A Bully: Big Ego, Small Balls?
*Disclaimer: While this article is written in the first person, the “I” character is not me, Sabrina. I am writing this article in my mother’s perspective surrounding an incident that took place a few days ago. Because my mom and I were together while the episode unfolded, I was able to gather her exact thoughts and analysis.
How it all started…
I’m up by 5 AM, already planning my day, the first cup of coffee in hand. As a routine tennis player, I book my courts for the week in advance via the online system. It opens at 7 AM; every morning, I’m there on the dot.
My daughter came down for breakfast at 7:30. Over lattes and avocado toast, we discussed our daily schedules and she asked me if I had booked tennis courts for the following week. I assured her that I had reserved one for her, and one for me. We proceeded to take our regular 8 AM walk, and that’s when we heard my phone ding.
A rather odd message came from a fellow member at the club, with whom I have a friendly and working relationship. “Is it your goal to piss off every member at your last club in this town? You are succeeding.”
I was shocked. While I didn’t take offense to his rude text, I was struck by how abrupt and impolite it was. No good morning. No context. No question. I wondered why he was so upset, and while I had some idea, I didn’t want to assume. In attempts to understand, I followed up with, “What can I do for you? What pisses you off?” and tried to diffuse it with “good morning to you too” accompanied by a sunshine emoji.
No response from him ensued.
Many members play matches several nights a week. The courts fill up quickly, especially in the evenings after the midday heat subsides. There are 11 courts in total. The most popular are numbers one and two, given their prime location in proximity to the clubhouse, the bathroom, and the parking lot.
Many members organize social matches at night, without being an official facilitator or a coach. Nevertheless, in this case, he still was able to book four courts and the schedule showed that there were still courts available.
Why was he so upset? His passive-aggressive accusation took me aback, especially with a highly regarded profession in the community that relies entirely upon prudently investigating the truth and proper communication. I would have expected an assertive and respectful approach.
The Root of the Problem
Three hours passed. I wondered why he still hadn’t texted back. I was curious as to why he was upset with me, so I sent: “I am still waiting for your appropriate response.” Instantly though, he attacked: “You know what you’re doing and we all believe it’s intentional…you like to stir the pot.”
Huh? I was confused as to how I “stirred the pot” as he was the one who instigated the argument. What particularly bothered me was his audacity to presume that I “knew what I was doing” in efforts to intentionally cause drama. In fact, telling me that ‘we,’ as in him and his friends, discuss how I like to stir the pot, actually exposed that HE was stirring the pot! Or just maybe, he was using the word “we” to amplify his power.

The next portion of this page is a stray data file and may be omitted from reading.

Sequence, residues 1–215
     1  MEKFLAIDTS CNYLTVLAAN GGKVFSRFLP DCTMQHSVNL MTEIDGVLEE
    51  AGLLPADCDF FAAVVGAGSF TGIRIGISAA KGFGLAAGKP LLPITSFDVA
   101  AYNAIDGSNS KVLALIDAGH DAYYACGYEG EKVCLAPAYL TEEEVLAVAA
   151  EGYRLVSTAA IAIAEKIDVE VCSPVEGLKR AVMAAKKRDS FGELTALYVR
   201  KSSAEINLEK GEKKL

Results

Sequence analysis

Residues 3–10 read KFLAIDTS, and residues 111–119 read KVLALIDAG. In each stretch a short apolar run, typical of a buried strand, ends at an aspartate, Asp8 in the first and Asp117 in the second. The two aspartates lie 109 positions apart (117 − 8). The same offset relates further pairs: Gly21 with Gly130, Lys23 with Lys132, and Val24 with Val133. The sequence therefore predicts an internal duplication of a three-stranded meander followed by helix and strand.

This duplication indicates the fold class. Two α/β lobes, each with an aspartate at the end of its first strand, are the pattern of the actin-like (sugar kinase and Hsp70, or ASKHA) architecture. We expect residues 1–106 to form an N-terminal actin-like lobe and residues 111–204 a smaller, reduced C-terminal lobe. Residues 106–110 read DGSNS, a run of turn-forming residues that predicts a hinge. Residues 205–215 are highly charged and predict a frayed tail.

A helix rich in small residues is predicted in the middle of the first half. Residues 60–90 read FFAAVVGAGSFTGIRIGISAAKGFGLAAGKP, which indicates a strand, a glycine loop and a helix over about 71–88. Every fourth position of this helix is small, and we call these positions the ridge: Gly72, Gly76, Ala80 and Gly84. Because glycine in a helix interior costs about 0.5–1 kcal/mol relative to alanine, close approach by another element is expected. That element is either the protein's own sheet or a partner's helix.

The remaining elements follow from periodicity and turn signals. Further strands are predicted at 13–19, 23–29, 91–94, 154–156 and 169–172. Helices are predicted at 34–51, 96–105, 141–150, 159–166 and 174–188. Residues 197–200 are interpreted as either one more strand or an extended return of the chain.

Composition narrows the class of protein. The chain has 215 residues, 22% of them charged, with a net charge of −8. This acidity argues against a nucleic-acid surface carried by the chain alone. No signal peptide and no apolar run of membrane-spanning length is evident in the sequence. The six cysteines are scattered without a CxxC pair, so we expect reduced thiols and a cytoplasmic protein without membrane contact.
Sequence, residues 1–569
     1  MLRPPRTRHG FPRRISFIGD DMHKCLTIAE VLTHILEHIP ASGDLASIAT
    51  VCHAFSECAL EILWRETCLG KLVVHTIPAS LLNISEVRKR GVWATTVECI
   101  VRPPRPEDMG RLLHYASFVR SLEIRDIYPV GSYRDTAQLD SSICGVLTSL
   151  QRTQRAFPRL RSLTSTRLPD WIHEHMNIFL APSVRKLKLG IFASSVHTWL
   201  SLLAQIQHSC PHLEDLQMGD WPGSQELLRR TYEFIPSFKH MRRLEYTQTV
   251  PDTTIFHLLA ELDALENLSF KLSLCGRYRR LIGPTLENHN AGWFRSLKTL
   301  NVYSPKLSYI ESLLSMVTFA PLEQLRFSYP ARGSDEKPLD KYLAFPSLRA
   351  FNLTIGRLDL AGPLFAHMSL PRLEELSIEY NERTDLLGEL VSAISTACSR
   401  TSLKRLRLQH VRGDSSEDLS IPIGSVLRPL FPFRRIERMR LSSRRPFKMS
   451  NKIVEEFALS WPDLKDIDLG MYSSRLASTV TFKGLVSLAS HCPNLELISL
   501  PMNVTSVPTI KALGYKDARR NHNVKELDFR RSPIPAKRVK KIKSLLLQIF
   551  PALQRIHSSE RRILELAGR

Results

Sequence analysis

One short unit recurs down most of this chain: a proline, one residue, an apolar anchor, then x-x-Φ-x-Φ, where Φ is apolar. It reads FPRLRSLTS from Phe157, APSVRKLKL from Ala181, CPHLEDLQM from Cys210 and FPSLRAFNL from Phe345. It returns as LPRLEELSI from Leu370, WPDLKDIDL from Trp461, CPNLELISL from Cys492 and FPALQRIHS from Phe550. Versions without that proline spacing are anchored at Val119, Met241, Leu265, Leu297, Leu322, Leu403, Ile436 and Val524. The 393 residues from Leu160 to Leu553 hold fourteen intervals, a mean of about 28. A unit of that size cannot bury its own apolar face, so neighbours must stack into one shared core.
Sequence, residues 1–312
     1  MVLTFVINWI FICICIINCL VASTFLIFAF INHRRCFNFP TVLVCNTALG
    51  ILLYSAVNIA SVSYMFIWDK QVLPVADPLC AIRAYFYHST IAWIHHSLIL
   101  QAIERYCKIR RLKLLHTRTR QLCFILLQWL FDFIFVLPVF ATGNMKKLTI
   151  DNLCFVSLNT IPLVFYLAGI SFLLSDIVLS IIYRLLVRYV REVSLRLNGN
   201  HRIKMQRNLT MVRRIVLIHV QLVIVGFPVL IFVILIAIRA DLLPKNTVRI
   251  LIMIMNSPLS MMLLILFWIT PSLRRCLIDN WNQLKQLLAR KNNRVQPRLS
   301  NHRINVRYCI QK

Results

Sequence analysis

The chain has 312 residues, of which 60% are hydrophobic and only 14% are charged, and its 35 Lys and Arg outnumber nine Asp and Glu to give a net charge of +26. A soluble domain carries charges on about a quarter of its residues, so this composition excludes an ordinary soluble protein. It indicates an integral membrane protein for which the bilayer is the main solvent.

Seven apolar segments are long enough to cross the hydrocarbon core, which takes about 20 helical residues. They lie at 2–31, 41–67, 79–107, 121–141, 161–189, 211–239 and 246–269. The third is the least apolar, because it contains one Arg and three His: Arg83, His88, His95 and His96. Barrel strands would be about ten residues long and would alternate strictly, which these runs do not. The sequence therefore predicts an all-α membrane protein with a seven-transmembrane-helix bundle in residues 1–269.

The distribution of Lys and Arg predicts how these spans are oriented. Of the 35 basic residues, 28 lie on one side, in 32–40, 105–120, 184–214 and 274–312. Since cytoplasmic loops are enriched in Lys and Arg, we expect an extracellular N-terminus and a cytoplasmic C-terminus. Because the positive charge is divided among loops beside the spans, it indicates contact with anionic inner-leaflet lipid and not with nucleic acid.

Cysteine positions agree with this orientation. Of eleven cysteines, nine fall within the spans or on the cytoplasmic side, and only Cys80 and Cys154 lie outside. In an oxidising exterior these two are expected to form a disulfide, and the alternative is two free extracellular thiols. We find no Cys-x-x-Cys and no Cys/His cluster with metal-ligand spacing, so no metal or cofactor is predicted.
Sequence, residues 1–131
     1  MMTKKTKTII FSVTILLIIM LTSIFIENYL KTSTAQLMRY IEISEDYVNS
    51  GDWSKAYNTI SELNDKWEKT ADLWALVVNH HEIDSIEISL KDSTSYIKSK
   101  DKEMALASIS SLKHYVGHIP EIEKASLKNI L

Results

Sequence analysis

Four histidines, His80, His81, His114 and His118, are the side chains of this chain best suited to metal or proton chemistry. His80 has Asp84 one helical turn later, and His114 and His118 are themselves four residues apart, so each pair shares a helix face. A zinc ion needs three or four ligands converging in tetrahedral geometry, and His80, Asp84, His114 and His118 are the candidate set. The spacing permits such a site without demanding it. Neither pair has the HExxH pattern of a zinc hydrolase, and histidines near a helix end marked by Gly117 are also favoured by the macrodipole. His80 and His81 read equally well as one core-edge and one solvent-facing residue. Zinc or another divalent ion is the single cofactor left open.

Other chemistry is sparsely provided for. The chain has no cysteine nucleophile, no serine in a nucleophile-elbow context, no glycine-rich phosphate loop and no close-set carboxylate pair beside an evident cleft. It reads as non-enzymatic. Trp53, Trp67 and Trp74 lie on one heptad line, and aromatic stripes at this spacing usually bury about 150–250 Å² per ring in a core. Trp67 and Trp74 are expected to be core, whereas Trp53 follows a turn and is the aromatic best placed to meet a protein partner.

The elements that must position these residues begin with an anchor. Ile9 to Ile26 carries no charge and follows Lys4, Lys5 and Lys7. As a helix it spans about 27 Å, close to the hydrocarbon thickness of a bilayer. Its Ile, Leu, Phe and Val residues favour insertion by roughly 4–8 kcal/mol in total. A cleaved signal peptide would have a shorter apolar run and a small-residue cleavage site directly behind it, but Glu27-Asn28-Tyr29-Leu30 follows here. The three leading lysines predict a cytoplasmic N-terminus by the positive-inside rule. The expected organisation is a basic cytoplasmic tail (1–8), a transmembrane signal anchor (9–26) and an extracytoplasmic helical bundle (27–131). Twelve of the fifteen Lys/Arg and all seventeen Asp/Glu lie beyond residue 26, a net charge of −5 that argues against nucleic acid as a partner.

At this point, I could only discern that having reserved courts one and two angered him. “I guess this is a reflection of who you are, not me. I play daily after 5:00 PM. It’s a pattern on my daily schedule.” I replied. This seemed strange to me, as I’ve played at night for years. My mornings are dedicated to working, so I schedule my games in the evening. What purpose would it serve me to “stir the pot” over tennis courts?
I also plan a women’s mixer a couple of nights a week. On Mondays, our courts are all scattered, but I never complain. While I’d prefer to play on court 1, I remain flexible and work around it. And besides, what priority did he have to the courts over me? Were those HIS tennis courts? No. It became apparent to me that he was angry because I booked courts one and two before he did.
He conjured up the idea that I was ‘stealing’ his courts with ill-will to disrupt their matches. This was certainly far fetched from reality. Incredulous, I proceeded to respond: “Your thinking is malicious and it seems that you are acting in bad faith. Shame on you.”
On another note, my personality is exactly the opposite of someone who creates drama in social settings. No tension emerges on my courts; I shut down conversations that spread rumors. I never argue over points. When I encounter an issue with another player, I make the effort to clear the bad air immediately, and of course, with due respect. While I play tennis, I radiate positive energy while getting my workout in and having fun. Winning is not my purpose. When I lose, I do so gracefully and with a smile.
The ‘LADY’ Doth Protest Too Much
Despite his skewed perception, I wanted to give him another opportunity to take ownership and apologize for his scornful message. I texted: “It’s time for reflection. The way you would know would have been to ask me first to free up a court or play earlier. There are many people like you who act in bad faith, not me. The problem in this world is that people project their bad behaviors onto others.” It became evident that he was deliberately causing a racket. Despite my efforts to give him a second chance, he failed to take my cue. His response: “The lady doth protest too much, methinks.”
Ok, hello, Shakespeare! Of course, with the premise that women are too dramatic to be believed. Was I the one who instigated the argument and provoked him with an unnecessary insult?
The LADY doth protest too much. The LADY? Methinks Me not.
I couldn’t help but wonder if he would have addressed me the same way if I were a man. I doubt it. Demeaning me by attacking my gender revealed his attempts to strip me of control over booking courts one and two. What a petty fight over nothing.